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Reaction Design to add advanced soot particle-size prediction capability to FORTÉ

Reaction Design, a leading developer of combustion simulation software, is adding the ability to accurately simulate soot particle size distributions, as well as total particulate-matter emissions to the FORTÉ computational fluid dynamics (CFD) package for realistic 3D modeling of fuel effects in internal combustion engines. (Earlier post.)

The new technology in FORTÉ was inspired by the accomplishments of the Model Fuels Consortium (MFC). Founded in 2005 by Reaction Design, the MFC is an industry-led project for the development of cleaner burning, higher-mileage vehicles. The MFC’s work focuses on creating software models and tools that enable engine designers to better determine the fuel effects on efficiency and emissions.

Soot formation occurs when fuels don’t fully combust, and recent studies show that soot particles smaller than 100 nanometers can be especially harmful to human health. In the past decade, engine exhaust regulations have been focused on limiting the total amount of soot (and NOx) emissions. Future particulate matter (PM) regulations, such as the European Union’s extended Euro 6 standard and the California Air Resources Board’s proposed Ambient Air Quality Standards require soot particle size and number limits in addition to total emissions mass limits. Such requirements are particularly challenging for engine designers.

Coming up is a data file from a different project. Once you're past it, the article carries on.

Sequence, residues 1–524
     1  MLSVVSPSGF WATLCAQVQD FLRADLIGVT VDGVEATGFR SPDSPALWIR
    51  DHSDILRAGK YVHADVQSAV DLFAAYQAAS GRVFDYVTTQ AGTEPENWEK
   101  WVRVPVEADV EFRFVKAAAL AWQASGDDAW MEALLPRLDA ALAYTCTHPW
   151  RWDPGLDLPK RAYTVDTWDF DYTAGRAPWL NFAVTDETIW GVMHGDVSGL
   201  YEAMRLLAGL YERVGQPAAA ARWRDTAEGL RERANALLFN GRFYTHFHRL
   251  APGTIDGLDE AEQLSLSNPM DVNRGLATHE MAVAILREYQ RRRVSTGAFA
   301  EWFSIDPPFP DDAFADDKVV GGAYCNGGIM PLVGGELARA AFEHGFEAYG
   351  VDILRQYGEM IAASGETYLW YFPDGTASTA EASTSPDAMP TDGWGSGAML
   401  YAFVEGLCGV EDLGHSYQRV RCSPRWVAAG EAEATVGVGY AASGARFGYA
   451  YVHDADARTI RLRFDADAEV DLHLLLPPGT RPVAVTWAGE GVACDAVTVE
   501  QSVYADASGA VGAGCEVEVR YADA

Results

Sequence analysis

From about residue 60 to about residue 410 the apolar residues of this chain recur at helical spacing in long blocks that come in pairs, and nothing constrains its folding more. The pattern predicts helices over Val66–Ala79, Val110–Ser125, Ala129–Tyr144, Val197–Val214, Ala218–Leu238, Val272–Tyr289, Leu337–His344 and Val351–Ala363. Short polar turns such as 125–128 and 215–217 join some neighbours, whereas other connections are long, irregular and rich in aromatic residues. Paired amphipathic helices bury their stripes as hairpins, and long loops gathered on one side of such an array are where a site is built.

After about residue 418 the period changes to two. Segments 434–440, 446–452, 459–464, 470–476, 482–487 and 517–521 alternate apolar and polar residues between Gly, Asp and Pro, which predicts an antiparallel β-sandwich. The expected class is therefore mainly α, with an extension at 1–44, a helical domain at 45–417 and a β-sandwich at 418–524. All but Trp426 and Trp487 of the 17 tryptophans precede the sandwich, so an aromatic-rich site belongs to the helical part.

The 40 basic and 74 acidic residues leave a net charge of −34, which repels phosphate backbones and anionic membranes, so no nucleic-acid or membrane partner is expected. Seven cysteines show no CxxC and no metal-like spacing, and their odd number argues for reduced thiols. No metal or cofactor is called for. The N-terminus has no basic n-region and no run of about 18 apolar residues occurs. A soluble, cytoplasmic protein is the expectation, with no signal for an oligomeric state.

—Ellen Meeks, vice president of product development at Reaction Design

In Europe, Euro 5b/6 legislation introduced a particle number (PN) emission limit (6.0×1011/km) in addition to the mass-based limits for compression ignition engines. A particle number emission limit for gasoline vehicles—spurred by the adoption of gasoline direct injection engines—is to be defined by 1 September 2014.

Earlier this year, the Japanese Ministry of the Environment released the results of a 2010 study of micro particulate matter of less than 2.5 micrometers in diameter (PM2.5) which is known to cause respiratory issues that can range in severity from asthma to lung cancer. The study showed that most of the locations that were measured, particularly those near a main roadway, had average levels of PM2.5 that exceeded the current standard of less than 15 micrograms/cubic meter.

The MFC and Reaction Design have been working proactively to develop soot modeling approaches that can help reduce these harmful emissions, as we anticipate that more regulations will follow with increasingly strict limits on particle size and number. The ability to predict soot particle sizes and track their progress from formation through agglomeration and reduction in an engine is of significant benefit for engine developers, who will not only be able to better address air quality regulations, but also shave time from their design cycle.

—Bernie Rosenthal, CEO of Reaction Design

When coupled with an accurate soot chemistry mechanism, such as the one developed by the MFC, the FORTÉ soot model provides engine designers with an accurate, physics-based approach to the prediction of soot size and mass emissions trends.


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